I have finished my first complete job interview! I'm happy for the experience, no matter what the result is, as it's a very eye-opening one. I've been in an ivory tower for quite a while, so going out and seeing what the experience like is worthwhile enough, even though it'd also be a very nice icing on the cake to have a job offer too.
If I'm not mistaken, I'm bound by NDA not to write/speak about the specifics of the interview, but I probably can speak about it in general. Overall, they were very welcoming! I was lodged in a very nice hotel just 6 minutes away from Verily by foot, with breakfast included (yum!). 5 people served as my interviewers, and I had lunch with a more senior person to learn more about the company's history; turns out 2 of them share a Boston connection as well.
There was a good mix of coding and biology, and after the interview, I immediately went back and coded up my answer to my second interviewer's questions... only to find out I had done it wrong! Oh well :-). What's done is done, and I now know the combinatorics functions in the Python standard library much better.
I also went back and thought more about the other coding problem, asked by my final interviewer. It was a frequentist statistics question, and I had been very much in a Bayesian frame of mind when he asked the question, so I was tripped up by my own biases when that happened. (There are foundational philosophical differences between the Bayesian and frequentist statistical mind sets, but I won't go in that direction.)
Three of my other interviewers are very interested in the biological question behind what I was working on, and so I had a much smoother time (I think) with them. One was a wet bench scientist, and the other two do computation work as part of the computational biology team. I also think that my time with them played to my strengths, which are translating the biological problems into code, rather than making algorithms efficient. Not that I'm ruling out learning how to write efficient algorithms, though - I'd definitely love to master that! I say that my time with them played to my strengths because I was able to show them the thought process of how I turned a biological problem into a computable problem, and was able to highlight where the limitations of what I did were. My third and fourth interviewers took a deep interest in my work, and I was really, really happy to share with them what I'd been doing.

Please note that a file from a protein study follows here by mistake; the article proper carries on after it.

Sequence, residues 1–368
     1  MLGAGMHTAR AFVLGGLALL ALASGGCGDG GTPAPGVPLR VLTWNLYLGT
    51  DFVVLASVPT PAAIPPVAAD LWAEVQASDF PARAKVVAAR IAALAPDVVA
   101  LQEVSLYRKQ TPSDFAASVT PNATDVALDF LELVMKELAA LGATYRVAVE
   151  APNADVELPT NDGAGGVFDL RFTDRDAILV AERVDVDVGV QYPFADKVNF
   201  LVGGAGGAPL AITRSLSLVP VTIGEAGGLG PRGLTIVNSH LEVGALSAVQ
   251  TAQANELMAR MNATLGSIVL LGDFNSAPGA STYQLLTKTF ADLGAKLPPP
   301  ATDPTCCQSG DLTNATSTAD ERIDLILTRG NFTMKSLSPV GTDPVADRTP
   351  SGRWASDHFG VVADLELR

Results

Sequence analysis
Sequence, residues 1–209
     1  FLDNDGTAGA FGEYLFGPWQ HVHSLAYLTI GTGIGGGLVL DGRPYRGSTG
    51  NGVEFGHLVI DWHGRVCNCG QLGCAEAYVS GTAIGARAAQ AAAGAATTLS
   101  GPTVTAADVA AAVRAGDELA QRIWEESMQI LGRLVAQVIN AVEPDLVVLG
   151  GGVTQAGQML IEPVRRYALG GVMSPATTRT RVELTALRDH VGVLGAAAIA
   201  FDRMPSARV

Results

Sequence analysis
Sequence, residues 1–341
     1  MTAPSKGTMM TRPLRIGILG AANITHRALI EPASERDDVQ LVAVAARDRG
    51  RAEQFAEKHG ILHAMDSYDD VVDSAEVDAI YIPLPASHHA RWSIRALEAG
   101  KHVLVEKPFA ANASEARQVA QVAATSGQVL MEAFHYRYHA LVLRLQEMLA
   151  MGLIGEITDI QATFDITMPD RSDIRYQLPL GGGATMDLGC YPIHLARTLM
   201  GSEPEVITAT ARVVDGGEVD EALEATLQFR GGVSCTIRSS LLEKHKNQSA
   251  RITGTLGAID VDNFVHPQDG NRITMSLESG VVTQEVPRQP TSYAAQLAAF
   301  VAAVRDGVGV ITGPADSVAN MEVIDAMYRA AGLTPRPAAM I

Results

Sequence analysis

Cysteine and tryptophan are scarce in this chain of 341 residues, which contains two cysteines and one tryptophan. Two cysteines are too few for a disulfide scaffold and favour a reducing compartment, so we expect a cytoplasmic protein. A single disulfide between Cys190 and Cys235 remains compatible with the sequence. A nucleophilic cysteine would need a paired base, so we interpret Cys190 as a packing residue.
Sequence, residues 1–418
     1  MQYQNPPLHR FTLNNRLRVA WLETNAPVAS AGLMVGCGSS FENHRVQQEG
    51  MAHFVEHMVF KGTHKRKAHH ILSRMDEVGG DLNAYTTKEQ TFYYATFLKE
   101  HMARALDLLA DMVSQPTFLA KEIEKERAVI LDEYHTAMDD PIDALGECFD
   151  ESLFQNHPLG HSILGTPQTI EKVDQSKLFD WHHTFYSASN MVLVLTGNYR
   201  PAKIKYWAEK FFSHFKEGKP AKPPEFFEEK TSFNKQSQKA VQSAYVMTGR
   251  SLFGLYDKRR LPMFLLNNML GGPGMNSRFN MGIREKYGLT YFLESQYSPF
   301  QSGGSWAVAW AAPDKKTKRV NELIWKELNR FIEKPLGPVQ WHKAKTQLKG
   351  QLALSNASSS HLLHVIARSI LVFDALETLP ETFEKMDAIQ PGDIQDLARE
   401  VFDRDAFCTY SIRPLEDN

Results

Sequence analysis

Overall, a very fun experience! Big thanks to the HR and Comp Bio teams there, it was an intense day, but it was also very fun. I'm now just waiting for my red-eye flight to go back to Boston to teach a Data Carpentry workshop at Tufts Medical. Hope I survive till noon tomorrow!